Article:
The parents assert that the IHO correctly found the Aaron School to be an appropriate placement for the student. In response to the allegations of the district, the parents assert that the Aaron school offers a language based classroom, such that the students receive speech support the entire day and not just during pull-out sessions; the students may receive more help from the related service providers as needed; and the teacher does have specific goals for each student. Finally, with respect to equitable considerations, the parents allege that the date on which the parents signed the enrollment contract with the Aaron School is irrelevant and the language in that contract allowed the parents to be reimbursed in part if the district offered an appropriate class.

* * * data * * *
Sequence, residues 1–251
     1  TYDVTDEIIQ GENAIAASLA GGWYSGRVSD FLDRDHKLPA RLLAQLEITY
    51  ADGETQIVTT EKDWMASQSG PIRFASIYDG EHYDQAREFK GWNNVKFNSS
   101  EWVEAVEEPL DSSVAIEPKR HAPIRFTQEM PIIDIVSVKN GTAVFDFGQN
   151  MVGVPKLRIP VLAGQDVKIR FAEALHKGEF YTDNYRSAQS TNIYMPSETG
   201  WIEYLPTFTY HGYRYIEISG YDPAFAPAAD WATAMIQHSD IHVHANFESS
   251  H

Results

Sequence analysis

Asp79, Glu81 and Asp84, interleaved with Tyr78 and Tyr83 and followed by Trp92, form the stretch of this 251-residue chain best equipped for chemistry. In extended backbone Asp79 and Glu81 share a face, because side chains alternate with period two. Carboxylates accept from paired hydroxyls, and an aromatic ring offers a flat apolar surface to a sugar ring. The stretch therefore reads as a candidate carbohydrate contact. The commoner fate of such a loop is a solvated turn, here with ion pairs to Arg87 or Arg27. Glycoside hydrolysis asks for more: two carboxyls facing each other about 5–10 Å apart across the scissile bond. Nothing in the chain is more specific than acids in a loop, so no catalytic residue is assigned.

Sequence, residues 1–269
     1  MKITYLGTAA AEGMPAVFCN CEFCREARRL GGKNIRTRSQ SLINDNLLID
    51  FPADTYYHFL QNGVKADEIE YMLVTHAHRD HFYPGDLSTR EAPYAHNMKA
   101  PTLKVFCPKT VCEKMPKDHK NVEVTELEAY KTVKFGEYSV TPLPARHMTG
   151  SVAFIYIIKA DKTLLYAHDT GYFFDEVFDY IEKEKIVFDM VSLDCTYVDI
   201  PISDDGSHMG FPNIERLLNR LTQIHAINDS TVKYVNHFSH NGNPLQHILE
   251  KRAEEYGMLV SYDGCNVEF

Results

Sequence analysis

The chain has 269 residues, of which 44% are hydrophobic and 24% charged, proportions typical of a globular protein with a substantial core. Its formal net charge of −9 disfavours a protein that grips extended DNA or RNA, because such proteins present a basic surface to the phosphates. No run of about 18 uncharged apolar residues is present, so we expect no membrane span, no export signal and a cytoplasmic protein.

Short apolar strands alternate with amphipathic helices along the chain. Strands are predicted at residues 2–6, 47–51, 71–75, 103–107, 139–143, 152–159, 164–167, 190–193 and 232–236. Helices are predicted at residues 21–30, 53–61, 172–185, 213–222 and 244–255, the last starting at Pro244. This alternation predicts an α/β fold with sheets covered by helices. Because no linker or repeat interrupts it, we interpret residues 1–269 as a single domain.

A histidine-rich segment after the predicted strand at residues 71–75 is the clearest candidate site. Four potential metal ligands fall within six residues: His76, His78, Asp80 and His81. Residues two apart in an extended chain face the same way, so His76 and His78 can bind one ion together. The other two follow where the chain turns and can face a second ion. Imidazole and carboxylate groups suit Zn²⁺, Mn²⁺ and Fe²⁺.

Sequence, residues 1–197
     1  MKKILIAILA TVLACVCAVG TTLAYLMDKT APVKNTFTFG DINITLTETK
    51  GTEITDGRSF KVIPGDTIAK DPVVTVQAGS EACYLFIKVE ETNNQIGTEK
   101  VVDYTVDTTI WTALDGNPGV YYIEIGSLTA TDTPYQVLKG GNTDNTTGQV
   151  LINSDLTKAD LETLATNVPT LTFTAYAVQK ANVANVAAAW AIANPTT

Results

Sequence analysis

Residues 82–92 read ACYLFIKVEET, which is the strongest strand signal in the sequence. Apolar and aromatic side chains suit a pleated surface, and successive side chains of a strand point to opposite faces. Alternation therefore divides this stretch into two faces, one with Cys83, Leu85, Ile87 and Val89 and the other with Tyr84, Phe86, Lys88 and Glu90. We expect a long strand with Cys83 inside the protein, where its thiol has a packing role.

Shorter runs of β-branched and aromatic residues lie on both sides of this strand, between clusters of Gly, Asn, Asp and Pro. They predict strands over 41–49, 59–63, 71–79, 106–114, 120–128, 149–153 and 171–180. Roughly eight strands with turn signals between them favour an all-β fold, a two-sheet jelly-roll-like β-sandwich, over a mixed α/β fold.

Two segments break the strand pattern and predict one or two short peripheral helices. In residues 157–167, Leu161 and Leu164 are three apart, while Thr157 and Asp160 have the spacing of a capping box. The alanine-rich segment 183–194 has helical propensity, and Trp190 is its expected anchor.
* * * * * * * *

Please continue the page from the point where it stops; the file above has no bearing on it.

V. Applicable Standards
Two purposes of the IDEA (20 U.S.C. §§ 1400-1482) are (1) to ensure that students with disabilities have available to them a FAPE that emphasizes special education and related services designed to meet their unique needs and prepare them for further education, employment, and independent living; and (2) to ensure that the rights of students with disabilities and parents of such students are protected (20 U.S.C. § 1400[d][A]-[B]; see generally Forest Grove v. T.A., 557 U.S. 230, 239 ; Bd. of Educ. v. Rowley, 458 U.S. 176, 206-07 ).